Monday, 25 April 2011

Canon Reginald Cuthbert Fuller R.I.P.

The sad news has been announced of the death of Canon Reginald "Reggie" Cuthbert Fuller. Aged 102, Canon Fuller was the oldest priest of the Diocese of Westminster.

Born in 1908, Reggie was ordained by Cardinal Bourne in 1931. The son of the physician and medical author, Arthur William Fuller, he was born in London and brought up in St Johns Wood where his father practiced medicine. Initially he was sent to Ealing Priory School where he was to forge a life long friendship with John Bernard Orchard who subsequently became a monk of Ealing Abbey; they were both destined to make considerable advances in the study of Scripture. Reggie was a co-founder of the Catholic Biblical Association of Great Britain and a member of the Revised Standard Version Bible Committee and a Co-Editor of the first complete Bible translation in modern English for Catholics from the Hebrew and the Greek.

After Ealing he then went to Ampleforth College where he recalls with pleasure his involvement in the sporting life of the college, particularly rugby and cross country running. From there he went to Allen Hall Seminary, St Edmund’s College, Ware for five years. After Ordination in Westminster Cathedral he was sent to Rome to continue his academic studies where he gained a doctorate in sacred theology from the Angelicum University, a licence in scripture from the Biblical Institute and much later in life in the early 1960s he took up biblical research at Cambridge University where he earned his Ph.D.

Not surprisingly he was destined to lecture in Biblical Studies at Allen Hall, then at the teachers training college at St Mary’s, Strawberry Hill, and then spent three years at the University of Nairobi, in Kenya where he lectured in Old Testament studies. When one meets him it is clear that this was a much treasured period of his life. He got to know Africa really well and he told me that he has never really left Africa. There he indulged his passion as an intrepid mountain climber and came close on more than one occasion to losing his life.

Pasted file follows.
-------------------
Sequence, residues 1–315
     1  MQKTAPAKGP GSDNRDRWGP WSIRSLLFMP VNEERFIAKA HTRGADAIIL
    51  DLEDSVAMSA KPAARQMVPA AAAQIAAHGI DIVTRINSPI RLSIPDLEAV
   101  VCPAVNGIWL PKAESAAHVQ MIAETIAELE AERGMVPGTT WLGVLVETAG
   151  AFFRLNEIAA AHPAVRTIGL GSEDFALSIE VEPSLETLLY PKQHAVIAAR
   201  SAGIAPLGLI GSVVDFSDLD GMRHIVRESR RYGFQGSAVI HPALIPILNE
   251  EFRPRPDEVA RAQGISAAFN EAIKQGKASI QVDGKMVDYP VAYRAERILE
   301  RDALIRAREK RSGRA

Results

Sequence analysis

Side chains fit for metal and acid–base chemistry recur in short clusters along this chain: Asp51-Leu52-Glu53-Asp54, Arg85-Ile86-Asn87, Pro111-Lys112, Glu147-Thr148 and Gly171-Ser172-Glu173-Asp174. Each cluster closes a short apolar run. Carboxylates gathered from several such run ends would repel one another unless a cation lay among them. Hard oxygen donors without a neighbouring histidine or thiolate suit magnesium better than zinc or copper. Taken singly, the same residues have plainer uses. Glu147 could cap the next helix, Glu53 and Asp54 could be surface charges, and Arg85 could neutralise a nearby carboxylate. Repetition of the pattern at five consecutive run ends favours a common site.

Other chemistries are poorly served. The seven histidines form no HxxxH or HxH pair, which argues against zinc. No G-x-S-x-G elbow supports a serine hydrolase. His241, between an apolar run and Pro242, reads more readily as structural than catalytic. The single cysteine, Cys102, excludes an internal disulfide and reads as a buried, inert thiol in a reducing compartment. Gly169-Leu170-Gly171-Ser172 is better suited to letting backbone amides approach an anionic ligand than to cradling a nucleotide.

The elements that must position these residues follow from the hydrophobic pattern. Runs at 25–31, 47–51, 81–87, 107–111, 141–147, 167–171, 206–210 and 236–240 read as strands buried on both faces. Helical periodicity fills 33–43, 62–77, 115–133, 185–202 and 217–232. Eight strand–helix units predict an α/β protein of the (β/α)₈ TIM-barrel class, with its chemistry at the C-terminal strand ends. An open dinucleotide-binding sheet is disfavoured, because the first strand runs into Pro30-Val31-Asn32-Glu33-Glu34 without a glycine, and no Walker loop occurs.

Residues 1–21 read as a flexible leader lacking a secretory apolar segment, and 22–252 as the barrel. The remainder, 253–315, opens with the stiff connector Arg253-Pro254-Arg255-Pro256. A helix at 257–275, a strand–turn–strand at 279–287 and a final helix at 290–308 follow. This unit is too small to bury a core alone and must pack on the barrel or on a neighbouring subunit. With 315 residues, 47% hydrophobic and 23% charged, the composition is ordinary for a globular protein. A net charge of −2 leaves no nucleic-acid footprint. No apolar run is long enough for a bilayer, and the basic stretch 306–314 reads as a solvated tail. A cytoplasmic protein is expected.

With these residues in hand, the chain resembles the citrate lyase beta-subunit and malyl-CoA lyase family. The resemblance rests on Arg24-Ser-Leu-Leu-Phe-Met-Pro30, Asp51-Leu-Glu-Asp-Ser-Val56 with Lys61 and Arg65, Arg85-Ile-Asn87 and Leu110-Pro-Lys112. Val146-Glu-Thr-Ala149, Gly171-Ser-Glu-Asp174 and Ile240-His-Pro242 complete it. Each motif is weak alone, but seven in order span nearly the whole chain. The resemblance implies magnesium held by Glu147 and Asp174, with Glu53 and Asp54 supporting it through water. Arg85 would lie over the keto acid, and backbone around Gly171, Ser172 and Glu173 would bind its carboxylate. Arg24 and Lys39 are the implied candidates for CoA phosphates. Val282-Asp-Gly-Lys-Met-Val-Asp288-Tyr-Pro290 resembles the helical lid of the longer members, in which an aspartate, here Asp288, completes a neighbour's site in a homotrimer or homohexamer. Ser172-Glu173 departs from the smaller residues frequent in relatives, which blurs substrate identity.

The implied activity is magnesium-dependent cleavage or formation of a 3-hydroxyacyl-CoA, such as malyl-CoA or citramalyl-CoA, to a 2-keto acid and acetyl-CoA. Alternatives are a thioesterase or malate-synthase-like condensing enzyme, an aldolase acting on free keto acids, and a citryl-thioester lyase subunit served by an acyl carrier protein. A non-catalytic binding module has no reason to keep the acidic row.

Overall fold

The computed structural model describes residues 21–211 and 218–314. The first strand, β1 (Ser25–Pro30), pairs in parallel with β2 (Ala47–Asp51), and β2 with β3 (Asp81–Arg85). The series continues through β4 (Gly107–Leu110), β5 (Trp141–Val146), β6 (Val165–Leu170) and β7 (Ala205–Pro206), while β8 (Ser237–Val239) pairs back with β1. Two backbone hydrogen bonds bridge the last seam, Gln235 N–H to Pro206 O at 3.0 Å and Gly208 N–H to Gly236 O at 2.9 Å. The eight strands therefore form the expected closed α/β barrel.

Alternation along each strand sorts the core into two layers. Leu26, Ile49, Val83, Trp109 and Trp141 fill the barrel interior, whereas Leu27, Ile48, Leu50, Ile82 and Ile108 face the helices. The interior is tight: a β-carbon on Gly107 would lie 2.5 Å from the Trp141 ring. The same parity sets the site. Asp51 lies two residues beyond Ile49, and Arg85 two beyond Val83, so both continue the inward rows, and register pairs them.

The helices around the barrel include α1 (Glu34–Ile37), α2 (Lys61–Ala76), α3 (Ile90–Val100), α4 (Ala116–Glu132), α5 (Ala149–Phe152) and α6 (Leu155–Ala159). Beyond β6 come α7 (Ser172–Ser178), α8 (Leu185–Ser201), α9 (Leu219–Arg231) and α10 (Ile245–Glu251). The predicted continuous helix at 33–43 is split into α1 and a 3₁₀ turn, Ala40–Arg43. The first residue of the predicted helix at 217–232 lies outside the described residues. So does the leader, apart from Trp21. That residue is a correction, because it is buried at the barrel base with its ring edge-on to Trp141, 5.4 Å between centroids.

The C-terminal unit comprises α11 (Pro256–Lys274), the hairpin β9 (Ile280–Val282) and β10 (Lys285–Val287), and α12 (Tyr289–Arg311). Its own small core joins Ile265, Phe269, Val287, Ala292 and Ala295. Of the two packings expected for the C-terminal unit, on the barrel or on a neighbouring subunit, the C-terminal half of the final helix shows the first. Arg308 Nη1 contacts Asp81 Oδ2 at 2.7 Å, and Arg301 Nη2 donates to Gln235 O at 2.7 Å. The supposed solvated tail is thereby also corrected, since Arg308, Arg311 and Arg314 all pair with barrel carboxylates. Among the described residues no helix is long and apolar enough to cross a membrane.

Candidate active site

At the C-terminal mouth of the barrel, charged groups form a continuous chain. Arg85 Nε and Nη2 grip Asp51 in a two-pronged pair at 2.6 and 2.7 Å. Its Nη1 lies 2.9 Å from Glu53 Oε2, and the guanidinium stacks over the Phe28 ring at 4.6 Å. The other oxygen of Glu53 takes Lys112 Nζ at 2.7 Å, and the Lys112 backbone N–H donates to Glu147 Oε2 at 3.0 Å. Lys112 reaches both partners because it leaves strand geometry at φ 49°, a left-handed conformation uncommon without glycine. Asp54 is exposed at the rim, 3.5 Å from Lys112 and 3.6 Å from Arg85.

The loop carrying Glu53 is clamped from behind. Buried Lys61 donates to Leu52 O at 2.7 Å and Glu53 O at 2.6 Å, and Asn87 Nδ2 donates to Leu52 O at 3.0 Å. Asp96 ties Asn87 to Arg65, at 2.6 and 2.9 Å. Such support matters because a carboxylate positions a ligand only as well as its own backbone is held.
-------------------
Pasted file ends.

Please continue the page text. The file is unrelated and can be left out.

No account of Reggie’s life could omit the deep friendship he was privileged to have with Group Captain Lord Leonard Cheshire, that great convert to the church whose powerful spirituality was evident to anyone who was lucky enough to meet him. His prayer life was so deep that when you were conscious of his presence at a Mass you were celebrating he made you celebrate with even greater devotion than was customary. Leonard Cheshire and his wife Sue Ryder were to achieve so much in their own life times and help so many people with the respective homes they set up; whatever part Reggie played in supporting and encouraging them must be part of his own legacy too.

Canon Reginald Fuller had the distinction of being the only Honorary Canon in the Diocese of Westminster, which was the result of a spontaneous act of kindness on the part of Cardinal Cormac Murphy-O’Connor, who decided he wanted to honour Reggie on the occasion of his 70th anniversary of Ordination in 2001.

"When I asked him about his long life as a priest and what he would want to impart to his brethren he said that it “was difficult to enunciate principles now” but that it was important to get them right at the beginning of priestly life. If someone sets out to “achieve personal advancement – forget it!” He was adamant that “we should enjoy the life the Lord has given to us as priests.” He felt that for the most part his nigh on seventy-eight years of priesthood were happy ones, sometimes boring, but most importantly he valued the friendships he had made." Canon Daniel Cronin.

The above text is taken from the book
complied by Canon Daniel Cronin and published by ST PAULS (2009).